For malaria control goals to be achieved, we must in the future tie funding commitments closer to level of need, says new research by Bob Snow and colleagues from the Kenyan Medical Research Institute-Oxford University-Wellcome Trust Collaborative Programme.
Building on their Malaria Atlas Project, which created a global map of Plasmodium falciparum risk, Snow and colleagues conducted an audit of international malaria financing between 2002 and 2007. They compared funding commitments by major donors such as The Global Fund to Fight AIDS, Tuberculosis and Malaria (GFATM), the World Bank, the US President's initiative, and the Gates Foundation to objective assessments of national burdens of malaria. They find that almost US $1billion are distributed each year to the 1.4 billion people exposed to stable P. falciparum malaria risk, which amounts to less than US$1 per person per year at risk. Forty percent of international malaria financing comes from the GFATM.
The researchers report the distribution of funds to be broadly appropriate. More than three-quarters of GFATM funding, for example, has been targeted at the continent with the highest burden, Africa. But they also found areas of heavy need that received disproportionately little support for malaria control. Countries in the South East Asia and Western Pacific regions, for example, which represent 47% of the global population at risk, received just 17% of GFATM and 24% of non-GFATM support.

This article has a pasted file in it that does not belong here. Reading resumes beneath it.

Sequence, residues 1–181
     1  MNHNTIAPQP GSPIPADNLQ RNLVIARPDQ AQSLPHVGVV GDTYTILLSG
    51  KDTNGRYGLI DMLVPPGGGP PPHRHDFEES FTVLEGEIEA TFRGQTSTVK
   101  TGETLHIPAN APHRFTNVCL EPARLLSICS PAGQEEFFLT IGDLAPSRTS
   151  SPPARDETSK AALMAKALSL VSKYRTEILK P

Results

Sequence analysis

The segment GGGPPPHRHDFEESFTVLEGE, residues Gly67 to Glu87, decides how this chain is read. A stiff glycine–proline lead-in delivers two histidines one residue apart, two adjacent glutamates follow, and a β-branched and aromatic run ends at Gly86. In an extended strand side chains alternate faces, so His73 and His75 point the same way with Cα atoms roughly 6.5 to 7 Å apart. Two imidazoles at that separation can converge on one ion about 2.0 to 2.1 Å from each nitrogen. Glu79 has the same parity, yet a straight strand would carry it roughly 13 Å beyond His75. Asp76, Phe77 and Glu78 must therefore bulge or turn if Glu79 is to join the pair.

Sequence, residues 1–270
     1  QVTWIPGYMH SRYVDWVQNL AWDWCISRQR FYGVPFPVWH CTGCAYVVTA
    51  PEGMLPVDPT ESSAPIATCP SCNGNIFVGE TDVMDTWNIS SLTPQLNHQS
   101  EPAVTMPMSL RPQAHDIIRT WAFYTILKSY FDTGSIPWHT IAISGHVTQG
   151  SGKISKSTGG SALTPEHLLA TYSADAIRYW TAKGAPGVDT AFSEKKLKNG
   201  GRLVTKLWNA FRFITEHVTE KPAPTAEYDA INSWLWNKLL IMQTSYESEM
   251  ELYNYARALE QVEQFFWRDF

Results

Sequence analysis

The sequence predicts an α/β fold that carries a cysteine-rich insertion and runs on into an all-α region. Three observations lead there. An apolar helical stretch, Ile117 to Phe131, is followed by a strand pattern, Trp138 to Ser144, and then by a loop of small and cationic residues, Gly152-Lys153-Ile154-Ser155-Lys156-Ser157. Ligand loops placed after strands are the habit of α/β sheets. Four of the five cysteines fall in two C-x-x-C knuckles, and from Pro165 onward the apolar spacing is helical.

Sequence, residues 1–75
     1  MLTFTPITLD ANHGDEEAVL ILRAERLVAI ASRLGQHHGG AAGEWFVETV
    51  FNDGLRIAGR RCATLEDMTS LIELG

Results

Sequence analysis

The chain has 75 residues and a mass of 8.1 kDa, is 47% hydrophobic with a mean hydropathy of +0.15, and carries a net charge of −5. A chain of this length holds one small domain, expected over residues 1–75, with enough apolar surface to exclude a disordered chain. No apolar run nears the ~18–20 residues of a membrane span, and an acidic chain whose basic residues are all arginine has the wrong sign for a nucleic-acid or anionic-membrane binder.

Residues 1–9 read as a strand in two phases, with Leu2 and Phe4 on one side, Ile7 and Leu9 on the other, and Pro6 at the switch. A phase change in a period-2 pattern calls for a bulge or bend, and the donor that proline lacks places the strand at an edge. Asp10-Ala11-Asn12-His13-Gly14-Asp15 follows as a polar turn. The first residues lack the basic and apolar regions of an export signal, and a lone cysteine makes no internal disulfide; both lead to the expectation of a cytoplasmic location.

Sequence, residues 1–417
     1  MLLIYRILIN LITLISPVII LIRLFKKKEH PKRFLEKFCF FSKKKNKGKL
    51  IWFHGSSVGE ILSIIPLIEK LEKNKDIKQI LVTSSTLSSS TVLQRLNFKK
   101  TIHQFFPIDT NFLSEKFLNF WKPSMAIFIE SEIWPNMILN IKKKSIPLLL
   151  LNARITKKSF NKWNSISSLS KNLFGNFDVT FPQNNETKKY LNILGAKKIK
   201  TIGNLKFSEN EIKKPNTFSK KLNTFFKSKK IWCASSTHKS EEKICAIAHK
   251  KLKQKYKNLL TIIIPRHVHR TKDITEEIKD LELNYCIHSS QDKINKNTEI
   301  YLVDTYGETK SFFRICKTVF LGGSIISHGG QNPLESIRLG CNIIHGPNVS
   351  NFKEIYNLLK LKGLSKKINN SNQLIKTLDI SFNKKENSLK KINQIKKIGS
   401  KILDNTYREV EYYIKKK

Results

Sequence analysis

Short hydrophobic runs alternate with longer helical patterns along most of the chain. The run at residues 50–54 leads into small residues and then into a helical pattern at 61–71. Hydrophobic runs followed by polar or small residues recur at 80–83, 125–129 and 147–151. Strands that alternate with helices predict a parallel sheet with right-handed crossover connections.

Snow and colleagues also found great variation in spending levels. While Myanmar (Burma) received an average of US$0.01 per capita-at-risk of malaria by the GFATM, the northern South American country Suriname was awarded US$147 per capita. Alarmingly, the 16 countries who received less than US$0.5 per capita-at-risk from all sources represent 50% of the global population at risk and include 7 of the poorest countries in Africa and two of the most densely populated stable malaria endemic countries in the world (India and Indonesia)
Given the gaps between funding support and level of stable P. falciparum risk, the authors conclude that the goal to halve the global burden of malaria by 2015 very likely will not be met with current commitments: "We estimate that there remains a 50%-450% shortfall of funding to achieve the scaling up of malaria control required worldwide," say the authors.
In a related Perspective, Anthony Kiszewski from Bentley College in Massachusetts, who was not involved in the study, says that estimates of need often undershoot actual needs, and so the deficit in funds needed to achieve basic international goals to reduce malaria burdens may be far greater.